Jul 30, 2014
Mostly Cloudy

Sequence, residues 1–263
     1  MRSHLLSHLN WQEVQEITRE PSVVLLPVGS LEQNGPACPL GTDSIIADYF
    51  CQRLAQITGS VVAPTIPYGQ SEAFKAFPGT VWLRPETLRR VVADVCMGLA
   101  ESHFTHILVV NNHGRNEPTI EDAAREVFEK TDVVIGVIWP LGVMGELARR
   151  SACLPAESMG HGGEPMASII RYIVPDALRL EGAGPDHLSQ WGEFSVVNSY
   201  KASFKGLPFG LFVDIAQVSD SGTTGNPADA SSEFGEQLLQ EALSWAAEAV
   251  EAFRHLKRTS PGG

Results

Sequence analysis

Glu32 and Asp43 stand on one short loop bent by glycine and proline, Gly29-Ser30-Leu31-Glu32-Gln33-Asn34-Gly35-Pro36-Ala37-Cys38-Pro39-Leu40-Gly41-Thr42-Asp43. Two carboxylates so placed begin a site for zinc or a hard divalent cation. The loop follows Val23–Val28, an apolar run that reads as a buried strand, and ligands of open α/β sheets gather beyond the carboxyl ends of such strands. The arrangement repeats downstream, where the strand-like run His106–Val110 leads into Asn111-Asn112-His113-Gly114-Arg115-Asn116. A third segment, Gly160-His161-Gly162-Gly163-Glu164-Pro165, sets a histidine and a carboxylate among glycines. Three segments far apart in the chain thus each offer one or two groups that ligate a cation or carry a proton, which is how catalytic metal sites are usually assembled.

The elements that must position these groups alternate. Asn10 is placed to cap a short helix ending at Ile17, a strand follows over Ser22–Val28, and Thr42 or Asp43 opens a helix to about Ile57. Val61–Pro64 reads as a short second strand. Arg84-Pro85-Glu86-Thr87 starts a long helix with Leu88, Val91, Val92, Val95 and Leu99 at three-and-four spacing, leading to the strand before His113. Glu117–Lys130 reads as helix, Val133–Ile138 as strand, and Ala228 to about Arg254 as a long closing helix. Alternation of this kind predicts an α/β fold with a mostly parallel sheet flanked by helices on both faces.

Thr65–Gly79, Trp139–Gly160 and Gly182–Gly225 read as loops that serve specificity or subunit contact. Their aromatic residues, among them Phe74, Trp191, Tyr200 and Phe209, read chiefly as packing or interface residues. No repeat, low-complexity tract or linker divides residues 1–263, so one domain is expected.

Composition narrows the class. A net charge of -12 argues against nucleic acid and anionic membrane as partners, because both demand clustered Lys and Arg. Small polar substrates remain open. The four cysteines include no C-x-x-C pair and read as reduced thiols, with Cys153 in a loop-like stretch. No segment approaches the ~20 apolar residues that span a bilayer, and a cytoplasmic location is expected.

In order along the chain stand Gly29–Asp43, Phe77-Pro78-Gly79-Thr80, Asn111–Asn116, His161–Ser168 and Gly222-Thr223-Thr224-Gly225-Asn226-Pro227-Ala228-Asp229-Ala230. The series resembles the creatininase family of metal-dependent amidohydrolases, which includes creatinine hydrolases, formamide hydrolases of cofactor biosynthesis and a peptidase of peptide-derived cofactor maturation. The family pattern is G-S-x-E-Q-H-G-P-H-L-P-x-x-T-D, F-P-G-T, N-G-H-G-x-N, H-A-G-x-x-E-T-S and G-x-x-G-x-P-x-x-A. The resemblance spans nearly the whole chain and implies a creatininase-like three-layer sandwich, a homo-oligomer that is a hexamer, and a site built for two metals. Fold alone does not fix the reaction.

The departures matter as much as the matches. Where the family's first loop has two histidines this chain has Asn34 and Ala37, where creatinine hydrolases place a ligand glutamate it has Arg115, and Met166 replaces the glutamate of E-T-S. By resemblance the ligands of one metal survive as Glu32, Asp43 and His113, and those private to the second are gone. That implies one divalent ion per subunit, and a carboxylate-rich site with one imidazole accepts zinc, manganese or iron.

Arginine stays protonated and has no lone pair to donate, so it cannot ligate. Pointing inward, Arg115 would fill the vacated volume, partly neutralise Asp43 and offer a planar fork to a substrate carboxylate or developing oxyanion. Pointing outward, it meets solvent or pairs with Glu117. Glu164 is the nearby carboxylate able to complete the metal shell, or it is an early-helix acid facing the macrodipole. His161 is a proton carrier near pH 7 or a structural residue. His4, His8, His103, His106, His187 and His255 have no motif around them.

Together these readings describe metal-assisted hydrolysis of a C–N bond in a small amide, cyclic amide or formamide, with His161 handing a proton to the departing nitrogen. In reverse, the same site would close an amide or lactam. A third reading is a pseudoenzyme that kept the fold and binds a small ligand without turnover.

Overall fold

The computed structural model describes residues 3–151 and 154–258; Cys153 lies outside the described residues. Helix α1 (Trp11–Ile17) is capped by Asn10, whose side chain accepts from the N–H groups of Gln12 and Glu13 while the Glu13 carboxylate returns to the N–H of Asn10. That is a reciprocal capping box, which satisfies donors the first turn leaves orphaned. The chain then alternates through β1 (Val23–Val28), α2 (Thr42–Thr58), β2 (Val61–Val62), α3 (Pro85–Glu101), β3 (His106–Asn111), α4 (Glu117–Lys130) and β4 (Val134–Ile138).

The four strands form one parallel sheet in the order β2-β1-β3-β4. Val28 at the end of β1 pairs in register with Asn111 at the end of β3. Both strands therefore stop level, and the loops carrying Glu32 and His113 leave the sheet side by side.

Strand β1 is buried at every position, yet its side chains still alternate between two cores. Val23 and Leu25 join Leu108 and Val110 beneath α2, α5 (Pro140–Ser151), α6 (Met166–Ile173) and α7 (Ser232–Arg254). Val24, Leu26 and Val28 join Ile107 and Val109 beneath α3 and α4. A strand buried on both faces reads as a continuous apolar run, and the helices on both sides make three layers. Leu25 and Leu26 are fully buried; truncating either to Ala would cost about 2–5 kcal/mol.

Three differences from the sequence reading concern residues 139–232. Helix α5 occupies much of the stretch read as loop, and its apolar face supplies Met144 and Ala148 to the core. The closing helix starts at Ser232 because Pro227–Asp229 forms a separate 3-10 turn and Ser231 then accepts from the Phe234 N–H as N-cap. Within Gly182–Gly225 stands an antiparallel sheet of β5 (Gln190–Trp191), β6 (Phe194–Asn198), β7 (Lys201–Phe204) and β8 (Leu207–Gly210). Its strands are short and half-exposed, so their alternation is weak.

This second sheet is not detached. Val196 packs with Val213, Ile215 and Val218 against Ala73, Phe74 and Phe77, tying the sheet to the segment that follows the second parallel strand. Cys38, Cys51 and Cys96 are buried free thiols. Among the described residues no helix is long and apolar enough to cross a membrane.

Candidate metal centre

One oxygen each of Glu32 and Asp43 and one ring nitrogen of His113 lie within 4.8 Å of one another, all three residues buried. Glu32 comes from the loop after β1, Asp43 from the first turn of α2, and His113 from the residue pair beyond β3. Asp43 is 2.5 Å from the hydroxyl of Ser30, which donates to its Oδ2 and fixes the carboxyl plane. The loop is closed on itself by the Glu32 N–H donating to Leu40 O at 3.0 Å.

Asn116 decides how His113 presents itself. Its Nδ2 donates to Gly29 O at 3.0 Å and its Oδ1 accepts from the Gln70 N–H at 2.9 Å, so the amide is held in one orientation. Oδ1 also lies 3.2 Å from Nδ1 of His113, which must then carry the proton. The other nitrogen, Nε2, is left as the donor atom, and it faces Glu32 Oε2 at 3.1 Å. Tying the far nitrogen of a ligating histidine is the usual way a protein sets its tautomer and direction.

Hope RiceI have just read an article on the NBC website stating that Connecticut will pass a law October 1, 2014 to allow the police to administer Narcan and Naloxone for a heroin overdose that could potentially kill an addict or for that matter a young person who naively and curiously experiments with this dangerous and illegal drug for the first time. My first reaction is What. Took. So. Long., and what if it is your kid who dies of an overdose before October 1? It has been an ant...idote for a long time but because it has been reserved for only medical people to administer, many have died. The little girl in East Windsor could possibly be alive today. Ask her parents how they feel now that they know her life could have been saved. At such an early age, it was very likely that she could have overcome her need to alter her mind with these dangerous substances. I will never be able to understand how we can tippy toe around something as risky to our kids as these drugs are and still allow our "pride" and perhaps embarrassment to prevent us from confronting this behavior. I do not believe privacy laws should trump safety and our need to work harder at protecting our young, vulnerable kids from this danger. If a kid experimenting with drugs is an indication of a mental disorder, then we have and have had for many years a large number of mentally disturbed kids in our society. Teenagers are known for taking risks, succumbing to peer pressure, discretionary behavior, not always telling the truth to their parents, and many other immature behaviors They become mentally disturbed after the drugs have invaded their nervous systems and the mysterious illness of addiction takes priority over everything else. We have for too long just tossed the disease of addiction on the back burner as it conjures up a negative feeling about someone and it is out of “respect” that we avoid discussing it.. It appears to me it is the grown ups who need to address this problem publically and aggressively and take away the filters when we speak of it. The way we have protected the problem has helped no one. Let’s begin trying harder at protecting our kids. This requires a community working together. SEE SOMETHING, SAY SOMETHING. It boggles my mind to think that any parent would not be grateful to be told by another adult that their child in danger. 

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